The $64,000 Question (ITV, 1990-1993)
Because I have enjoyed a lot of game shows hosted by the great Bob Monkhouse, over the next few days I’ll review a trio of shows that he hosted on ITV in the early/mid-90s. The first one is The $64,000 Question, which is based on an American format that was very popular in the 1950s. Of course, $64,000 wasn’t the maximum prize on offer in the British version, but the title of the show wasn’t changed because Bob insisted “you don’t fool around with successful catchphrases”.
Indeed, the top prize on offer was £6,400 which was the biggest cash prize on British TV at the time. When the show began in 1990, this was actually higher than the amount of cash that could be given away in every edition of a British game show, and they had to ask the regulator to make an exception for them which they did, but even then they could only give the star prize away in every other edition.
The set of the show was very impressive and futuristic for the time, and every edition began with Bob telling some more of his great jokes before the serious work began. The idea of the show was that contestants would answer increasingly difficult questions on a specific subject that they were knowledgeable about, doubling their money with every correct answer. Contestants would also appear over a few editions as they tried to succeed.
When the contestant began to play the show used some new technology with the questions appearing on a screen on the floor that Bob would read by refracting the image on a piece of glass in front of him. I never realised this when I was younger and I was always confused as to why Bob always started every round by seemingly trying to rev a motorbike. The first question was for £1, yes really.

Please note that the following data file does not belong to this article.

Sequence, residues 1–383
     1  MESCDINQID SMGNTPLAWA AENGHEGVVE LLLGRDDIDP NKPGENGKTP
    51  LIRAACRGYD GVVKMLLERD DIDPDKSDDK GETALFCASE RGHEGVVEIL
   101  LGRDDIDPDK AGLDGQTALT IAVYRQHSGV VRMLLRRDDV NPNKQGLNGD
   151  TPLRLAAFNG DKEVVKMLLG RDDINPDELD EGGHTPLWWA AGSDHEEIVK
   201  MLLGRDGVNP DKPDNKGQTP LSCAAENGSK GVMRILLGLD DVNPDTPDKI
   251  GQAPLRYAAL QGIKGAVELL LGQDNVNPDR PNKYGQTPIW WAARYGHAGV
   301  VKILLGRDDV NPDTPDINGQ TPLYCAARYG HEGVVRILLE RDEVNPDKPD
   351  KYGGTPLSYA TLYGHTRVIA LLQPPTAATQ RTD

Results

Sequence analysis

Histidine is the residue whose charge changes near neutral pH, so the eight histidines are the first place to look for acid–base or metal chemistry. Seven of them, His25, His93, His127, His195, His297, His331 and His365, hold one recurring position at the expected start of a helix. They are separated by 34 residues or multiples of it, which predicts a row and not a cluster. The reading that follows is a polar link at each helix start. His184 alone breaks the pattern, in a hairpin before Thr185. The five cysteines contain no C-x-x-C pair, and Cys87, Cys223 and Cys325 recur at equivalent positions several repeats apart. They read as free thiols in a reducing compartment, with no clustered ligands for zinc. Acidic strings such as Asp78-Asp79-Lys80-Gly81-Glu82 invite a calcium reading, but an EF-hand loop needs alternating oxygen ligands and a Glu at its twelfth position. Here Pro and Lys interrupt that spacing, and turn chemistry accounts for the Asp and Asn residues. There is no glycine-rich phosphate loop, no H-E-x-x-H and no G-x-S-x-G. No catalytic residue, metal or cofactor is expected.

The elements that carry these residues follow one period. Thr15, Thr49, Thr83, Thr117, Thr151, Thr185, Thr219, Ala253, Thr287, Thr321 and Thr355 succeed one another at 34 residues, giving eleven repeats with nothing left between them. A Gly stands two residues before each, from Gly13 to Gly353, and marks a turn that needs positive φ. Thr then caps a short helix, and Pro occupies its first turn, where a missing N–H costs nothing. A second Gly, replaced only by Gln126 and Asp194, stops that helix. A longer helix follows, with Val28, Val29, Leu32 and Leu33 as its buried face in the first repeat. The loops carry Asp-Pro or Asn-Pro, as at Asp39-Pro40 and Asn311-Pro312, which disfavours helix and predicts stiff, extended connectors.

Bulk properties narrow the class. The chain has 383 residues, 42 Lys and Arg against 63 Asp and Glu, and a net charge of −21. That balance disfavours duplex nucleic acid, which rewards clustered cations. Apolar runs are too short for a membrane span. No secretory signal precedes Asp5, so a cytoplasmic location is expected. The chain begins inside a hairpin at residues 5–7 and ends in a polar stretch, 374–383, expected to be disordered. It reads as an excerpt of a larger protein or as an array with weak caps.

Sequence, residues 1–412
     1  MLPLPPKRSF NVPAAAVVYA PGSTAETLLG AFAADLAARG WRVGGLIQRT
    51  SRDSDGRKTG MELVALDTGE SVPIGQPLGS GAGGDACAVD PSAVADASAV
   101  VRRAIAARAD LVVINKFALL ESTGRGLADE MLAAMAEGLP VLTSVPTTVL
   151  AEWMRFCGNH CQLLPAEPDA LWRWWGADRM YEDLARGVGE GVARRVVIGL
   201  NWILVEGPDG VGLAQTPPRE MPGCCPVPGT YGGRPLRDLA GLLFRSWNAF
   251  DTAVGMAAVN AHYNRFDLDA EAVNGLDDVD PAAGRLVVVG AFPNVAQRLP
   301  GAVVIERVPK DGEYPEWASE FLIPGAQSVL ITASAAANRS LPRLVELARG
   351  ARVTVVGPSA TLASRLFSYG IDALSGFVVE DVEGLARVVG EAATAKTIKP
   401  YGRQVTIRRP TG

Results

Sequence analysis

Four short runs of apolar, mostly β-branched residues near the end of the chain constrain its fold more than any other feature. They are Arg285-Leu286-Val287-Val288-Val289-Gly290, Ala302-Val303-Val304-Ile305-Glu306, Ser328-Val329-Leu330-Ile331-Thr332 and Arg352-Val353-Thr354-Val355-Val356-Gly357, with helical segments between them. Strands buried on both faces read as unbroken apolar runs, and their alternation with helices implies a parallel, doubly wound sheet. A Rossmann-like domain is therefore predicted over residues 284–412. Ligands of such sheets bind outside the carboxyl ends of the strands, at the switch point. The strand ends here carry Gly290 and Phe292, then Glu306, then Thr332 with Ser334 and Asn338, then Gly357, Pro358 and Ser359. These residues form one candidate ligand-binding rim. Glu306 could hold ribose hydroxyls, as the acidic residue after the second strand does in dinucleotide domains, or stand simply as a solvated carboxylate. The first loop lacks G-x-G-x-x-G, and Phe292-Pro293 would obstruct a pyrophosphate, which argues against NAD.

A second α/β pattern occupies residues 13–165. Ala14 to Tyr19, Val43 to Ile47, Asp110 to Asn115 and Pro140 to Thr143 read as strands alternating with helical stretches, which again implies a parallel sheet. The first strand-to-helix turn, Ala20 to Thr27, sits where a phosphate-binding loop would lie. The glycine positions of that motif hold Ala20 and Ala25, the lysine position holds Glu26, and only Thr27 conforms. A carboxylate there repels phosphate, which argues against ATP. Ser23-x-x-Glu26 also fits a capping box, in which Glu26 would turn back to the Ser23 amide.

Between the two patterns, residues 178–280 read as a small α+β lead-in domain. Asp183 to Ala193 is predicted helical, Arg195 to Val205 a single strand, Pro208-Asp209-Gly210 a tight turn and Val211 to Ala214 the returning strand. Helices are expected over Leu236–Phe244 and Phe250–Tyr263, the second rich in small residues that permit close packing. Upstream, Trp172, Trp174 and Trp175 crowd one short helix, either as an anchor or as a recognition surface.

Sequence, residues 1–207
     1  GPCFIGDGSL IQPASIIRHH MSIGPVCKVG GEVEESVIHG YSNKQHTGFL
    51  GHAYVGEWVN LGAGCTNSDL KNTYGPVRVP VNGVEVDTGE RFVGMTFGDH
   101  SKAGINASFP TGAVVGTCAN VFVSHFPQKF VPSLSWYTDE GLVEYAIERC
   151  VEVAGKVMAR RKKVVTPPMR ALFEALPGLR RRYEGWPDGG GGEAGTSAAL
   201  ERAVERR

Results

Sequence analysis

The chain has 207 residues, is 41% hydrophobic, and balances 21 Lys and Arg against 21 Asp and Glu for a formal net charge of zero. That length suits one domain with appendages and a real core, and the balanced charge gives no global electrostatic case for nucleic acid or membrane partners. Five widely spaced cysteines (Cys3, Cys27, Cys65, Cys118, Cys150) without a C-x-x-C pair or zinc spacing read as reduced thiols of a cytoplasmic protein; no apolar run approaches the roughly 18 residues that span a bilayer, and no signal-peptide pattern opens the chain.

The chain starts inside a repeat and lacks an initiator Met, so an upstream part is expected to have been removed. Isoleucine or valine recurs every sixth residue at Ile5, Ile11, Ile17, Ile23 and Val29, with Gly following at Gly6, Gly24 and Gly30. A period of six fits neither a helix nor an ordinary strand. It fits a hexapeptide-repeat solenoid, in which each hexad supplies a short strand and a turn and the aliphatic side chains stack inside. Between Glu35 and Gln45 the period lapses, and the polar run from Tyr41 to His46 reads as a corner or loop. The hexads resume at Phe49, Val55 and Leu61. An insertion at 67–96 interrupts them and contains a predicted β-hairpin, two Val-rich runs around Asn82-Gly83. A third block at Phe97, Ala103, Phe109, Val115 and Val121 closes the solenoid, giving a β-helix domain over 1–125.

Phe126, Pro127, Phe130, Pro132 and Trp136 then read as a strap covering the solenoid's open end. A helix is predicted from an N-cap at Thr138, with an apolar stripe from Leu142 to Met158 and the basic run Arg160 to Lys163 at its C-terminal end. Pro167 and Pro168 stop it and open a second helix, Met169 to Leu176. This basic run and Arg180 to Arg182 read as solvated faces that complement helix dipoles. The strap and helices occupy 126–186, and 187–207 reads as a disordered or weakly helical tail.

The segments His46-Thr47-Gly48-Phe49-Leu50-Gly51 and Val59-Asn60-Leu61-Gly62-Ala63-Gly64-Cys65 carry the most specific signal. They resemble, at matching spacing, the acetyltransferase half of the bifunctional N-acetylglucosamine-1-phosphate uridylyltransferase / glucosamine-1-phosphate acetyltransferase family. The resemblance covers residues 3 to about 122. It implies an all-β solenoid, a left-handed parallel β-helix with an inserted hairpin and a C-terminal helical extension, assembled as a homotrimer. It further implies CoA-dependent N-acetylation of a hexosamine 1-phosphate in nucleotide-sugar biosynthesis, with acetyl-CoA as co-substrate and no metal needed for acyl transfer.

In the first stage of the game contestants answered questions which doubled their money every time. Then the questions would become more difficult as they started on the next stage of the money ladder which began at £100. Questions would become longer, and if they did get one wrong at this stage they took away a consolation prize of a money clip. The £1,600 question was in four parts, which each correct answer revealing part of an image on the screen. If the contestant got the question about the image right they could now play for the big money.
From the question worth £3,200 things would begin to get exciting. For this question the contestant entered an isolation booth, and as they entered there would be this rather fancy sequence as dry ice shooted everywhere and the tense music played. Contestants had to answer a five-part question at this stage. Succeed here and they were guaranteed a chance of playing for the star prize.
In the final, the contestant entered the booth one final time. This time the question was in six parts, but contestants did have the chance to come back to parts if they weren’t sure, and there was a seventh part in reserve if they got one wrong, and if they failed they dropped back to £1,600. If they did manage to complete the challenge though everyone would get very excited and then Bob would congratulate them and present them with a briefcase full of money that in one famous out-take he couldn’t open.
Looking back The $64,000 Question now comes across as a sort-of more highbrow Who Wants To Be A Millionaire, with people having to answer increasingly complicated questions for doubling amounts of money. Bob was always on good form and was clearly impressed by the knowledge of some of the contestants under pressure. The show was produced by Central and ran for four series on Friday evenings and was even popular enough for a board game to produced, plus a phone-in competition that people could play at home.